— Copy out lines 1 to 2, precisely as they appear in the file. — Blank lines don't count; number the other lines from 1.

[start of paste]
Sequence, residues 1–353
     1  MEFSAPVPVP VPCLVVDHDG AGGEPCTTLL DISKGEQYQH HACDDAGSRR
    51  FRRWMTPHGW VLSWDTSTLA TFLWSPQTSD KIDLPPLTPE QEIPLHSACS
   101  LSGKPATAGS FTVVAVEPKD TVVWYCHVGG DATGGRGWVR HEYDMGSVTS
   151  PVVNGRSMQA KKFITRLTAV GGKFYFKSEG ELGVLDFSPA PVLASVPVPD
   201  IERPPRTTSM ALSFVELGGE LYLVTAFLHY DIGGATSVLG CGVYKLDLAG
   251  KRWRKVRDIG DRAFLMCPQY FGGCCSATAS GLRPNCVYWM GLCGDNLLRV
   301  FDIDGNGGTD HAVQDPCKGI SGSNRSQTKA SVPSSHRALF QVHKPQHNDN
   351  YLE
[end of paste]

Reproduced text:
Sequence, residues 1–353
     1  MEFSAPVPVP VPCLVVDHDG AGGEPCTTLL DISKGEQYQH HACDDAGSRR